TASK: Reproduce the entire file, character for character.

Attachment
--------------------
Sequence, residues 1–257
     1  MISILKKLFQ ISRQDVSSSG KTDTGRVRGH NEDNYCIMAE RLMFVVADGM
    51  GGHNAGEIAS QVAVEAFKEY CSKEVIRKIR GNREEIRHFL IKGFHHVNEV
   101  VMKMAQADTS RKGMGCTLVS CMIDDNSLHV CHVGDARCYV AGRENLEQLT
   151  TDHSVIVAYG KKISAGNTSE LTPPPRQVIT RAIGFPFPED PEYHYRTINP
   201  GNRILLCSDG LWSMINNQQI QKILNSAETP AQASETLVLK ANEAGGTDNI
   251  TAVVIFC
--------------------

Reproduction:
Sequence, residues 1–257
     1  MISILKKLFQ ISRQDVSSSG KTDTGRVRGH NEDNYCIMAE RLMFVVADGM
    51  GGHNAGEIAS QVAVEAFKEY CSKEVIRKIR GNREEIRHFL IKGFHHVNEV
   101  VMKMAQADTS RKGMGCTLVS CMIDDNSLHV CHVGDARCYV AGRENLEQLT
   151  TDHSVIVAYG KKISAGNTSE LTPPPRQVIT RAIGFPFPED PEYHYRTINP
   201  GNRILLCSDG LWSMINNQQI QKILNSAETP AQASETLVLK ANEAGGTDNI
   251  TAVVIFC